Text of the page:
Please Note the Following Policies and Statements:

Academic Dishonesty

You are expected to exhibit honesty and use ethical behaviour in all aspects of the learning process. Academic credentials you earn are rooted in principles of honesty and academic integrity.

Academic dishonesty is to knowingly act or fail to act in a way that results or could result in unearned academic credit or advantage. This behaviour can result in serious consequences, e.g. the grade of zero on an assignment, loss of credit with a notation on the transcript (notation reads: "Grade of F assigned for academic dishonesty"), and/or suspension or expulsion from the university.

It is your responsibility to understand what constitutes academic dishonesty. For information on the various types of academic dishonesty please refer to the Academic Integrity Policy, located at www.mcmaster.ca/academicintegrity

The following illustrates only three forms of academic dishonesty:

  1. Plagiarism, e.g. the submission of work that is not one’s own or for which other credit has been obtained.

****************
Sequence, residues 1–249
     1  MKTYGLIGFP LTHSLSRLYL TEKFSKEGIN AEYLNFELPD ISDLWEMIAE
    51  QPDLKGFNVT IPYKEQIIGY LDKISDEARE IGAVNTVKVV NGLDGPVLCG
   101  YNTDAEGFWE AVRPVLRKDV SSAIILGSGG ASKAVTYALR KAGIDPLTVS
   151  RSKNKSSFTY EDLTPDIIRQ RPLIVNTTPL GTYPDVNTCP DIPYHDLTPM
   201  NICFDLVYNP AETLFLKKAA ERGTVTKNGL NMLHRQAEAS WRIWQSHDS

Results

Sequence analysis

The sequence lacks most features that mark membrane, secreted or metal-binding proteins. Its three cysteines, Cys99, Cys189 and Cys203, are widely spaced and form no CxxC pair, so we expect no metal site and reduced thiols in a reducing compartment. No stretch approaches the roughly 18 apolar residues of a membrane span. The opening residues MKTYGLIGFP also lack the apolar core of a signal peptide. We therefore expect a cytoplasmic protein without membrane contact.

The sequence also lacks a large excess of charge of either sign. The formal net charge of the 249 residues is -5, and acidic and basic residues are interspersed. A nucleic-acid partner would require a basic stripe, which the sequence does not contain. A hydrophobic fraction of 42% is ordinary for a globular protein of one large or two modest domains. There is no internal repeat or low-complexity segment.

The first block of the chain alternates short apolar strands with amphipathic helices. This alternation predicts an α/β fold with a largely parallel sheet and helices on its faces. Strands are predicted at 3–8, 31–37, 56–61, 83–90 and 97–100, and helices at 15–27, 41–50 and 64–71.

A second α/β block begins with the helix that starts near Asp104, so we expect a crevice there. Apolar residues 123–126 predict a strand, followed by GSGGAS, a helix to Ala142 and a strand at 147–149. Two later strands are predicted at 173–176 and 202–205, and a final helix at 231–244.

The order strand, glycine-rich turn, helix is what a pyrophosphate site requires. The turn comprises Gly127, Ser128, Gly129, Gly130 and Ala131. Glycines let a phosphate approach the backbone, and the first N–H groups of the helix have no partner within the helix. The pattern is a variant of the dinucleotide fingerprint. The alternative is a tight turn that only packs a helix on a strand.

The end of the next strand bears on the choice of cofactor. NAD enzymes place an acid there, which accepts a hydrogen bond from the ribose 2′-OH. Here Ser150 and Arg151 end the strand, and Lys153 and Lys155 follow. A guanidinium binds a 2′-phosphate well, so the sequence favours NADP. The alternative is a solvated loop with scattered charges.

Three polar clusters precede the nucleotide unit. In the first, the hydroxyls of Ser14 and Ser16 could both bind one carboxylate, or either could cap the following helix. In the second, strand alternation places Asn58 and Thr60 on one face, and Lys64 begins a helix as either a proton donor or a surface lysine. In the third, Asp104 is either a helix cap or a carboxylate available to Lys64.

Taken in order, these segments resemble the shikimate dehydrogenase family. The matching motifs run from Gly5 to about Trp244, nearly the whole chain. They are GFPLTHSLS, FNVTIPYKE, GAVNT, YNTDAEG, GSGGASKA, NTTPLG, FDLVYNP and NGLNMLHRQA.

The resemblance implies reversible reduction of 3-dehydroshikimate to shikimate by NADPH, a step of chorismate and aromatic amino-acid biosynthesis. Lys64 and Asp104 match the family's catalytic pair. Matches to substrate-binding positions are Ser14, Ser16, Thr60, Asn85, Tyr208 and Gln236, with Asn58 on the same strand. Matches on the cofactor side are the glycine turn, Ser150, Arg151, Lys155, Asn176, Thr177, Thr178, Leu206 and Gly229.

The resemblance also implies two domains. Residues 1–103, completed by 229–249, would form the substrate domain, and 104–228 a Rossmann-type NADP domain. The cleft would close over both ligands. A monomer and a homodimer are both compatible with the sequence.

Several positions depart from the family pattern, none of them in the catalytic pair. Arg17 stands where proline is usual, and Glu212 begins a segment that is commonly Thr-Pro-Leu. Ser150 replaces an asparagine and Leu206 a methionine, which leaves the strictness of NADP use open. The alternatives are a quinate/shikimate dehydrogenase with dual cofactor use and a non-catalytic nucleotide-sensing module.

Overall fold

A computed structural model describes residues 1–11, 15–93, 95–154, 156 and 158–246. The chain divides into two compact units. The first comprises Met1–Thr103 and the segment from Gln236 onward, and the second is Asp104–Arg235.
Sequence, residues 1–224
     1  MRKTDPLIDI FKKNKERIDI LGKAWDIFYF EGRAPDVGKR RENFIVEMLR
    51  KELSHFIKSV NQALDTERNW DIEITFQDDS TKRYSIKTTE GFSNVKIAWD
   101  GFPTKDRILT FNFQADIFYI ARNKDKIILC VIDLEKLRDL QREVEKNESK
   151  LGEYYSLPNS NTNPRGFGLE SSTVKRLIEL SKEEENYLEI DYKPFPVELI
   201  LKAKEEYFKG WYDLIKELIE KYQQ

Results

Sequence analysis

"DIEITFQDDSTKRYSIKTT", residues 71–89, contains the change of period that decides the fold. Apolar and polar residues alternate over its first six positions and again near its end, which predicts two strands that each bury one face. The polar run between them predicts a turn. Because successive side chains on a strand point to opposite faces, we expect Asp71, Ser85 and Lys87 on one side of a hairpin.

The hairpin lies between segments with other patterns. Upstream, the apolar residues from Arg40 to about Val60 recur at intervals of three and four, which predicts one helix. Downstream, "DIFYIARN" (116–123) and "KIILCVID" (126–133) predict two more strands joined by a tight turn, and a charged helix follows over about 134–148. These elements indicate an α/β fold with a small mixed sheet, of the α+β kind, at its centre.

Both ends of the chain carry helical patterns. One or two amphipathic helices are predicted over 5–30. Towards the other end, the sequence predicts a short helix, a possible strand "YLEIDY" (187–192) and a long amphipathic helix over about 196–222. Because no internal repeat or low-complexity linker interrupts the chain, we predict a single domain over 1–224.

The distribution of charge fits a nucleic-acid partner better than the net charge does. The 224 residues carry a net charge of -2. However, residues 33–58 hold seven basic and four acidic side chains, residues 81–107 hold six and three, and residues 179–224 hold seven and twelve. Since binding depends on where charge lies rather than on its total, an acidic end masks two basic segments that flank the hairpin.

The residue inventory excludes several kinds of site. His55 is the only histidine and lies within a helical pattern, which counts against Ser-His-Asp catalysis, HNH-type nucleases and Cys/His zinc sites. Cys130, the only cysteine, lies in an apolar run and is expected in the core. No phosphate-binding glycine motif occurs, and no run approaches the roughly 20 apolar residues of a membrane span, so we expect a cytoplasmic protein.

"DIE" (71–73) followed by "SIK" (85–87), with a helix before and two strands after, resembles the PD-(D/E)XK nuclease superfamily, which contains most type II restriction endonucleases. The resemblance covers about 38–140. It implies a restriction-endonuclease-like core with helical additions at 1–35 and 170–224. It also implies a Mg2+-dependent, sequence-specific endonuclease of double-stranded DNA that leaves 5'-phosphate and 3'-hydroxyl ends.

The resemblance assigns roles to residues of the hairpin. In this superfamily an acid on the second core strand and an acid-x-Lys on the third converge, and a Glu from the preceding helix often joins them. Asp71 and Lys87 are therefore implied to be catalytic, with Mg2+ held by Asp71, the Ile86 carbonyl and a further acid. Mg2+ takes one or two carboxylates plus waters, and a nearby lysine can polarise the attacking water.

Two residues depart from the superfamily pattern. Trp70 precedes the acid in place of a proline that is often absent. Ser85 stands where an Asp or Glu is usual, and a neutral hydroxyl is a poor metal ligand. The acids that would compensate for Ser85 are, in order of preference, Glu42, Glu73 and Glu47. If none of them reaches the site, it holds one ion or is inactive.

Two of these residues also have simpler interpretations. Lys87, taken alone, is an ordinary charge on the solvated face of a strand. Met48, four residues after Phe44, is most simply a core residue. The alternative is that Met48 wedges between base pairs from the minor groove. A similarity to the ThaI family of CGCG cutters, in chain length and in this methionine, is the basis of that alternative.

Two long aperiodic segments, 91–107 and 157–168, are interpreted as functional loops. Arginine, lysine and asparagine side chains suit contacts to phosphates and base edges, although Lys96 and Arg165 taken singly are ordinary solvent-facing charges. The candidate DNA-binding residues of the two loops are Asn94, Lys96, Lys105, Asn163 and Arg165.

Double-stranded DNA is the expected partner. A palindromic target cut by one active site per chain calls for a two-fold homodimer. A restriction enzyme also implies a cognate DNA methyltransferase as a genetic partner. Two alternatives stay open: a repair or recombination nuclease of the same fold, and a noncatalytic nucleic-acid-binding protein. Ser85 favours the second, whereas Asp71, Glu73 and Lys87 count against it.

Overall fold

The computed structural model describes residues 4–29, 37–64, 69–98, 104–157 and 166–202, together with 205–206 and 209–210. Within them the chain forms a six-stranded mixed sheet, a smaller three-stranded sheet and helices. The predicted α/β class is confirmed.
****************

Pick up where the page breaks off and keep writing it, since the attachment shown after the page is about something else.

2. Improper collaboration in group work.
  3. Copying or using unauthorized aids in tests and examinations.

Email correspondence policy

It is the policy of the Faculty of Humanities that all email communication sent from students to instructors (including TAs), and from students to staff, must originate from each student’s own McMaster University email account. This policy protects confidentiality and confirms the identity of the student.  Instructors will delete emails that do not originate from a McMaster email account.

Modification of course outlines

The University reserves the right to change dates and/or deadlines etc. for any or all courses in the case of an emergency situation or labour disruption or civil unrest/disobedience, etc. If a modification becomes necessary, reasonable notice and communication with the students will be given with an explanation and the opportunity to comment on changes. Any significant changes should be made in consultation with the Department Chair.

McMaster Student Absence Form (MSAF)

In the event of an absence for medical or other reasons, students should review and follow the Academic Regulation in the Undergraduate Calendar Requests for Relief for Missed Academic Term Work. Please note these regulations have changed beginning Fall 2015. You can find information at mcmaster.ca/msaf/. If you have any questions about the MSAF, please contact your Associate Dean's office.